Another exceptional group signed to Transgressive Publishing in 2010 - and now Records - Dry The River are a band we've been waiting for for some time. Inclusive, inspirational and utterly thrilling.
Dry the River’s origins lie with frontman, Peter Liddle. Born in Norway to British parents, his early life was a shifting one thanks to his father’s work as an engineer in the oil industry. Ever-changing homes and schools gave Liddle a peculiar set of reference points: “I think I have a fixation with community and belonging, because that wasn’t something I had as a child.” And though his parents are only “quietly religious,” Liddle became fascinated by the iconography and language of the Roman Catholic Church at one of his many primary schools, where his voice was honed in the school choir.
Though he’s not overtly religious, religious symbolism creeps into Dry the River’s lyrics, whether on first album ballad’s Bible Belt and Shaker Hymns or the more anthemic Gethsemane or Hidden Hand on the more recent Alarms in the Heart.
By the time Liddle returned to Newbury as a teenager, he and the various members of Dry the River — guitarist Matthew Taylor, Scott Miller (bass) and Jon Warren (drums) — were crossing paths in various bands on the DIY scene centred around Southampton, Reading and Newbury’s Waterside Youth Centre. “It was this cool, grimy little venue,” says the singer. “You could rehearse there, and they always put on local bands alongside touring artists, which really helped cultivate the scene. It meant you could sell out a decent venue with your 16 year old punk band.”
At medical school, with ten years of band experience behind him, Liddle resolved to put music on the back burner and focus on his studies. But in spite of his best efforts, the acoustic guitar in the corner was calling. He started writing folky material in his hall of residence room and, on summer break, called on those old friends from the Reading scene – by now all living in London – to record them.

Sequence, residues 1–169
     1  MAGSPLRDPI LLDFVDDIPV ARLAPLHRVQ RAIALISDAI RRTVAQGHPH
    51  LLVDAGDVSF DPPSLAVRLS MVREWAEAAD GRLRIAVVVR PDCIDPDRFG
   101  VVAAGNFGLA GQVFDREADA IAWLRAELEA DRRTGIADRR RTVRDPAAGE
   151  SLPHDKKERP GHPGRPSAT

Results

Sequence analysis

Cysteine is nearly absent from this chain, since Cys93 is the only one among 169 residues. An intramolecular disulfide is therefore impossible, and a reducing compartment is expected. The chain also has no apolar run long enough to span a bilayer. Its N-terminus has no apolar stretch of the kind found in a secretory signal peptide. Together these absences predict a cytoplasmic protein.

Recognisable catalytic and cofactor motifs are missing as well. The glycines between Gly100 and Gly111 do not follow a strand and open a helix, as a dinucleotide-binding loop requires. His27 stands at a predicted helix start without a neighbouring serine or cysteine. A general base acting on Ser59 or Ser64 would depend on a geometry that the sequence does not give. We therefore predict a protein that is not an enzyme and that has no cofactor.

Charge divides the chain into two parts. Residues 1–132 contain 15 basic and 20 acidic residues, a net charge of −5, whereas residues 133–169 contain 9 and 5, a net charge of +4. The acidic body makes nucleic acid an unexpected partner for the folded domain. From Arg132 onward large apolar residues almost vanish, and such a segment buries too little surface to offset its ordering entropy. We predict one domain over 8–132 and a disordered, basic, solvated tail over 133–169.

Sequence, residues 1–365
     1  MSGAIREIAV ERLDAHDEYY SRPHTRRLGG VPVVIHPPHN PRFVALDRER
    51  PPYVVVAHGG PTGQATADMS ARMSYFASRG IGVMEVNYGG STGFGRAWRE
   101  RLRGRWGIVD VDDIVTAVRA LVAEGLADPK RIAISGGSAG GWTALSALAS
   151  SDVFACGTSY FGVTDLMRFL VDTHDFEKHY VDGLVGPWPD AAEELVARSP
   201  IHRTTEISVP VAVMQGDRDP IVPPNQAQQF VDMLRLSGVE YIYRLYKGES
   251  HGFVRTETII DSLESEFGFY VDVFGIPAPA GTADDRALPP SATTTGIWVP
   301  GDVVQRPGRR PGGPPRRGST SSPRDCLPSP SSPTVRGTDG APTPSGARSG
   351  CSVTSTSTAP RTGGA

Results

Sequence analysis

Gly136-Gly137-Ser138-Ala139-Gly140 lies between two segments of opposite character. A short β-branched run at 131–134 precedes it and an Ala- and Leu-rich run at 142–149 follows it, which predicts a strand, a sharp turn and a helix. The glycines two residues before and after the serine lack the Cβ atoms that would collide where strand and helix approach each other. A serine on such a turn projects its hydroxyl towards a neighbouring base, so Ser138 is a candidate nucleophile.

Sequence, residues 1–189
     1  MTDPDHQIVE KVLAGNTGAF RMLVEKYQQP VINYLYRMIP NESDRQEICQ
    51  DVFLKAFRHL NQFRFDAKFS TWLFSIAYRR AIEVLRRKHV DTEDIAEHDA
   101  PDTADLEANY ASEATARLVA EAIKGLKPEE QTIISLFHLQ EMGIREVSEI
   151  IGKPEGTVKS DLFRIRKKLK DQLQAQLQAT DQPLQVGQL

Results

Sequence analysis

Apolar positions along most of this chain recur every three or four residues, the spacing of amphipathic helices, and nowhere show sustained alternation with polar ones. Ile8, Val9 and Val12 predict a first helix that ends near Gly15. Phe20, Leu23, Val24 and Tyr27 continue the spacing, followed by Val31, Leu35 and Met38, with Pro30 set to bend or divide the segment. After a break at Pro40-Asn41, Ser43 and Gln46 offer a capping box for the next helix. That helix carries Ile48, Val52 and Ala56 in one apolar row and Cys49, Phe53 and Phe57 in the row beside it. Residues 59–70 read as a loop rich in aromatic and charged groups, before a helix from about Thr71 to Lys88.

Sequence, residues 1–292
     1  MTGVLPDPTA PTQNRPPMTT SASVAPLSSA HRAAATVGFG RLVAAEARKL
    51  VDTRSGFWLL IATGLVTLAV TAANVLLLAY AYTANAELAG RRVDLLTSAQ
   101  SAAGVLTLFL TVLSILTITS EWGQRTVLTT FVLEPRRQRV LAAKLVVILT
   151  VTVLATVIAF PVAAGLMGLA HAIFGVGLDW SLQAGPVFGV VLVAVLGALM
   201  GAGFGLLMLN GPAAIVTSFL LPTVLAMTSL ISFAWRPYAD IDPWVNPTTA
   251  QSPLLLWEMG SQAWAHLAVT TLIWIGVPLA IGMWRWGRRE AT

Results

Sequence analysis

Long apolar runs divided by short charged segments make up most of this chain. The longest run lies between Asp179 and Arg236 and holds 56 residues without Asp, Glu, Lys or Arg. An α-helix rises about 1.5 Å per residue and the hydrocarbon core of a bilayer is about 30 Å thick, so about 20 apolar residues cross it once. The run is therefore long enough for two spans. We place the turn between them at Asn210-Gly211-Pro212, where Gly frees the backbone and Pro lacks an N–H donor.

On signing to Transgressive publishing, the band were able to quit their jobs and studies. “We went on tour straight after and went absolutely wild for six months,” says Taylor. “We just partied the whole fucking time.” They clocked up some miles too, playing across Europe, the UK and even the Outer Hebrides.
In March 2011, the band traveled to Bridgeport, Connecticut to record their debut album with producer Peter Katis (The National, Interpol), a man whose professional ethos was a perfect match. “We were looking for someone who could strike a balance between lo-fi and hi-fi,” says Liddle. “We wanted to record the bulk of it to tape, to use analogue stuff in favour of computer wizardry where possible, but without it sounding like an old folk record. I think we tried to preserve the fragility and honesty of the more stripped down tracks, but still get the intensity of the live show across too – to marry those two aspects of our music without it sounding incongruous.” In downtime, they played shows in New York, growing a grassroots following there with each passing week.
Back in Britain, the band’s progress remained rapid – videos of off-the-cuff acoustic performances became internet smashes, EPs sold out and festival bookings began to come in.
Having started the year as one of the 15 artists on the prestigious BBC Sound of 2012 shortlist, Dry the River released their debut album Shallow Bed in March 2012 to critical acclaim and promptly embarked on another gruelling bought of touring, storming practically every major festival in the UK and Europe in the process.
The band returned in 2014 with the second record, ‘Alarms in the Heart’, a record we loved so much we signed the band to our Records arm and released it ourselves. The release was supported by a huge UK, European and American touring, including an incredible homecoming show at London’s The Forum in October, and helping us celebrating our 10th anniversary at the Barbican. Produced by Charlie Hugall (Florence and The Machine, Ed Sheeran), Paul Savage (Mogwai, Franz Ferdinand) and Peter Miles (We Are The Ocean, Futures, The King Blues) and with arrangements and strings from Valgeir Sigurðsson (Sigur Rós, Björk), the resulting 10-track album is bold, expansive, confident and cohesive.